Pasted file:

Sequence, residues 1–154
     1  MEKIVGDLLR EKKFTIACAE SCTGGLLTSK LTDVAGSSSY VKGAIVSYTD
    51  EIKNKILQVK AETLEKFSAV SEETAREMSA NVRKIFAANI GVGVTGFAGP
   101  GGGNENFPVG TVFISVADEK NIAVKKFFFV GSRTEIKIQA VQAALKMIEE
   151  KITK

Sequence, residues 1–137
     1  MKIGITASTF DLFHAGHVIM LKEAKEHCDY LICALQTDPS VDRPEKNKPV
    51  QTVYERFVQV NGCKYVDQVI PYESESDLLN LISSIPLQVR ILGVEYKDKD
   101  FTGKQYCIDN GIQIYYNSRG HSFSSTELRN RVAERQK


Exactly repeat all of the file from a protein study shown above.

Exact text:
Sequence, residues 1–154
     1  MEKIVGDLLR EKKFTIACAE SCTGGLLTSK LTDVAGSSSY VKGAIVSYTD
    51  EIKNKILQVK AETLEKFSAV SEETAREMSA NVRKIFAANI GVGVTGFAGP
   101  GGGNENFPVG TVFISVADEK NIAVKKFFFV GSRTEIKIQA VQAALKMIEE
   151  KITK

Sequence, residues 1–137
     1  MKIGITASTF DLFHAGHVIM LKEAKEHCDY LICALQTDPS VDRPEKNKPV
    51  QTVYERFVQV NGCKYVDQVI PYESESDLLN LISSIPLQVR ILGVEYKDKD
   101  FTGKQYCIDN GIQIYYNSRG HSFSSTELRN RVAERQK